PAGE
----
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While 2023 cannot be marked as a great year for the global semiconductor industry, it did mark a small win for Intel Corporation as it retook the crown from Samsung as the world’s biggest chip company. The semi-industry is divided into memory and non-memory companies, and both are equally important for outputting products that power the world’s computers and gadgets.
Data from Gartner that was released yesterday shows that during 2023, Intel’s revenue stood at $48.7 billion, significantly higher than Samsung’s $39.9 billion.
Intel Navigates Global Semi Revenue Decline Through Diversifying Away From Memory Chips
Gartner’s report covers revenue from chip designers whose products are typically manufactured through contract manufacturing or their own machines. Unlike the chip industry for processors and GPUs, memory chips are made by several firms apart from Intel, and the report covers revenue from all of them. It excludes TSMC since the Taiwanese firm does not design its own products to sell and compete with its customers.
However, the complexities of maintaining its leading-edge processor chip capabilities and churning out all kinds of chips led Intel to diversify away from the memory business in 2022. This decision, announced just before its current CEO took over, seems to have come just at the right time since the bloodbath in the global memory revenue sector has shifted global rankings.
Samsung is now the second biggest semiconductor company in terms of revenue after facing a 37.5% annual revenue drop last year, according to Gartner. In contrast, the research firm shares that Intel’s revenue slipped by half, or 16%, allowing Intel to buffer itself to maintain a strong footing.
After Intel and Samsung, which earned $48.6 billion and $39.9 billion, Qualcomm was the third biggest semiconductor company. Its revenue was $29 billion, approximately $5 billion higher than the figures for 2023’s most popular company, NVIDIA Corporation.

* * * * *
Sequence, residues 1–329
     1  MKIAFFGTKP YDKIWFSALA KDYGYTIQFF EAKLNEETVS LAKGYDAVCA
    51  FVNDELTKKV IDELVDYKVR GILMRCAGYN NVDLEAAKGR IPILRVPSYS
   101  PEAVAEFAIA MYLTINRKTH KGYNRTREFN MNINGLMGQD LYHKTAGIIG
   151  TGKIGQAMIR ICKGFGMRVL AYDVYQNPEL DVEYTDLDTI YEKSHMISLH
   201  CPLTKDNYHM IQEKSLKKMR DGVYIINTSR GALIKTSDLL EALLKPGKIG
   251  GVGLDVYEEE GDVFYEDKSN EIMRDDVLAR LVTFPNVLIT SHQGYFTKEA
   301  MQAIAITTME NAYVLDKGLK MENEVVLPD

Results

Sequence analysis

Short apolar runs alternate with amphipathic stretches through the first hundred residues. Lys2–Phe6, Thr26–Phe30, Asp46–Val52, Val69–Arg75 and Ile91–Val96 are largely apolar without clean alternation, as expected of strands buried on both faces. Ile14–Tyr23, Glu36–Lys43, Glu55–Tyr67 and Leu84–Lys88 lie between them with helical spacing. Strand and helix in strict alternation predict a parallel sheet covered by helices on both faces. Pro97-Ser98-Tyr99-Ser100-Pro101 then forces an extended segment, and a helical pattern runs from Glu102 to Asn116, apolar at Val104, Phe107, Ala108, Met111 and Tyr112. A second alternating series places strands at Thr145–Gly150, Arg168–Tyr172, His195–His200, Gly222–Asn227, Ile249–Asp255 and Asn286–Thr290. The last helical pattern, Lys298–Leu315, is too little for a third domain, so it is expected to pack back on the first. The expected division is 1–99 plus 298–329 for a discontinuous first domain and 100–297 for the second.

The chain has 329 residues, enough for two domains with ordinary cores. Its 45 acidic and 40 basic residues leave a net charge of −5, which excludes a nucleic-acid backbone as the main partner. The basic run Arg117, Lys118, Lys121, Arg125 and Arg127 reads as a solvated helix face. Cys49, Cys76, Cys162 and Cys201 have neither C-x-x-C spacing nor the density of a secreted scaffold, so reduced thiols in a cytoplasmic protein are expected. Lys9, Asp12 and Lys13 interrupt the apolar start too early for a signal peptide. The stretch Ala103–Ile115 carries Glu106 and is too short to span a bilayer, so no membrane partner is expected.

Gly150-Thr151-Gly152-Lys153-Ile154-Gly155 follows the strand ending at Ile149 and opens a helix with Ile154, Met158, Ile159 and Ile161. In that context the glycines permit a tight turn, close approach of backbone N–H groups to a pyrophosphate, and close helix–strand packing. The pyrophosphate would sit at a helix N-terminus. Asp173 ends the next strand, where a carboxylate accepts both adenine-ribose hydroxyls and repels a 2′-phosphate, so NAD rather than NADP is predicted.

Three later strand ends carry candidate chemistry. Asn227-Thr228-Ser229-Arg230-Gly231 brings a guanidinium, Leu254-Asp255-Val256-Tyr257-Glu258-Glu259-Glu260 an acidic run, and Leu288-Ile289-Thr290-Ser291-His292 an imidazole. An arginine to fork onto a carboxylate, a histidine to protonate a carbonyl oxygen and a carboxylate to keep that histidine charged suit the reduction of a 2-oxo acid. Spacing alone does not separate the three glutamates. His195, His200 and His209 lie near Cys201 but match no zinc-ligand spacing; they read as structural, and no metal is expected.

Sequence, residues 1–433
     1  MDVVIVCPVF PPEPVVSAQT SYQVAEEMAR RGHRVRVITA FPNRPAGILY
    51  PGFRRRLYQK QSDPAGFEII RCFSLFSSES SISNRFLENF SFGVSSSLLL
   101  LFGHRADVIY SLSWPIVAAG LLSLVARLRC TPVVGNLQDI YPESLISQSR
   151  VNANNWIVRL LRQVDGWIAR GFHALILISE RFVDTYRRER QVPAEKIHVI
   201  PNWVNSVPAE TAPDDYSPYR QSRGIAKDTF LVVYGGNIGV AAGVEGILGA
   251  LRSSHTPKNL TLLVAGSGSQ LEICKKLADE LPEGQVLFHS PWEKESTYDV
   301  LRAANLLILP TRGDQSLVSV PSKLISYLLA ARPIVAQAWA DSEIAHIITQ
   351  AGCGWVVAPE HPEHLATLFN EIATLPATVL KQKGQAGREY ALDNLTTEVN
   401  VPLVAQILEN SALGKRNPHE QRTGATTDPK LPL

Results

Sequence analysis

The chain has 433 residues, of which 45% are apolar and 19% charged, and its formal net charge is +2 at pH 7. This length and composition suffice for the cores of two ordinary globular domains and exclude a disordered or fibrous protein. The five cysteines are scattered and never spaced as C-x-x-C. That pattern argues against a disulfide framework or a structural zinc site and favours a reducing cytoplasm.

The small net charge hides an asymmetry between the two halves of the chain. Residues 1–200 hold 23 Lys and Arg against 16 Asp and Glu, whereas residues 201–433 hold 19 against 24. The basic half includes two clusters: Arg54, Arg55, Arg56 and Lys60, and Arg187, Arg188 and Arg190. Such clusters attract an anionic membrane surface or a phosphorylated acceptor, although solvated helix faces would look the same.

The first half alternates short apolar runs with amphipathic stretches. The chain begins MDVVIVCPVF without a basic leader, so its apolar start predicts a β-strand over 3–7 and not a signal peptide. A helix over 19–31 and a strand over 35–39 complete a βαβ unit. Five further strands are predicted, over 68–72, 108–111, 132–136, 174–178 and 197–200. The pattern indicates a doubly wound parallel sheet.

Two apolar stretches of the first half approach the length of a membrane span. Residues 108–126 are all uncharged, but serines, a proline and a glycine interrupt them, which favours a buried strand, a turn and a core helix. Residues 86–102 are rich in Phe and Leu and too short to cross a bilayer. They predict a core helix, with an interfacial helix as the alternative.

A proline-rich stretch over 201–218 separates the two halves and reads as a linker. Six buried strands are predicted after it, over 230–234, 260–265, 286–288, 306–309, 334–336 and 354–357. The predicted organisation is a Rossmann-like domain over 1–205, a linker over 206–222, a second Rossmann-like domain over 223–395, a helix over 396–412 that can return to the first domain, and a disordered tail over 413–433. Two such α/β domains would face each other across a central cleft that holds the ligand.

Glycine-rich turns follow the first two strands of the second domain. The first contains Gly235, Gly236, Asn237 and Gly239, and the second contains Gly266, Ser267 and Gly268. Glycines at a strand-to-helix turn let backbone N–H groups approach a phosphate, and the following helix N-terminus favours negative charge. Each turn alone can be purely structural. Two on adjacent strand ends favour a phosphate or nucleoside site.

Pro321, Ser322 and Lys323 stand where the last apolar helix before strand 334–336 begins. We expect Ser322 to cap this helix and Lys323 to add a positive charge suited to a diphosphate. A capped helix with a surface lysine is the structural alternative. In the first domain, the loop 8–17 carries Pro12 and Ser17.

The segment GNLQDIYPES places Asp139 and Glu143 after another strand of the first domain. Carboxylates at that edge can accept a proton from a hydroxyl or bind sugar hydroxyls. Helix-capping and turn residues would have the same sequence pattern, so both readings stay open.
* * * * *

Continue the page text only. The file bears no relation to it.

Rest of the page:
However, for NVIDIA, 2023 was a special year as well. It marked the first time the firm ranked among Gartner’s five biggest semiconductor companies. NVIDIA’s graphics processors are among the most advanced in the world, and since it does not design or make CPUs, it benefits from being able to focus on entire ecosystems built around its GPUs. NVIDIA’s previous rank in the list had placed it twelfth.
2023 marked considerable hype around NVIDIA as its orders soared and the gaming division continued to recover. But for memory companies, the picture wasn’t quite as rosy. Gartner explains that memory revenue dropped by 37% last year, in line with Samsung’s performance but ahead of the drops faced by other memory companies such as SK hynix and Micron. Intel has sold most of its memory business to SK hynix.
As for Intel, it has to compete with TSMC in the processor markets. Freeing itself up from making memory chips allows it to operate freely in a chip market that is significantly different from the one Intel CEO Patrick Gelsinger and his peers grew up in. Now, Taiwan’s TSMC is capable of making x86 chips at an industrial scale, and the role of GPUs in global computing requirements has also grown.
From being simple products for running renders or video games, GPUs are playing a major role in enterprise and other users as 21st century’s first quarter heads to a close. This growth is mirrored in NVIDIA’s valuation, as it remains the most valuable semiconductor firm in the world. NVIDIA’s latest market capitalization is a stunning $1.38 trillion with the shares up 127% over the past 12 months.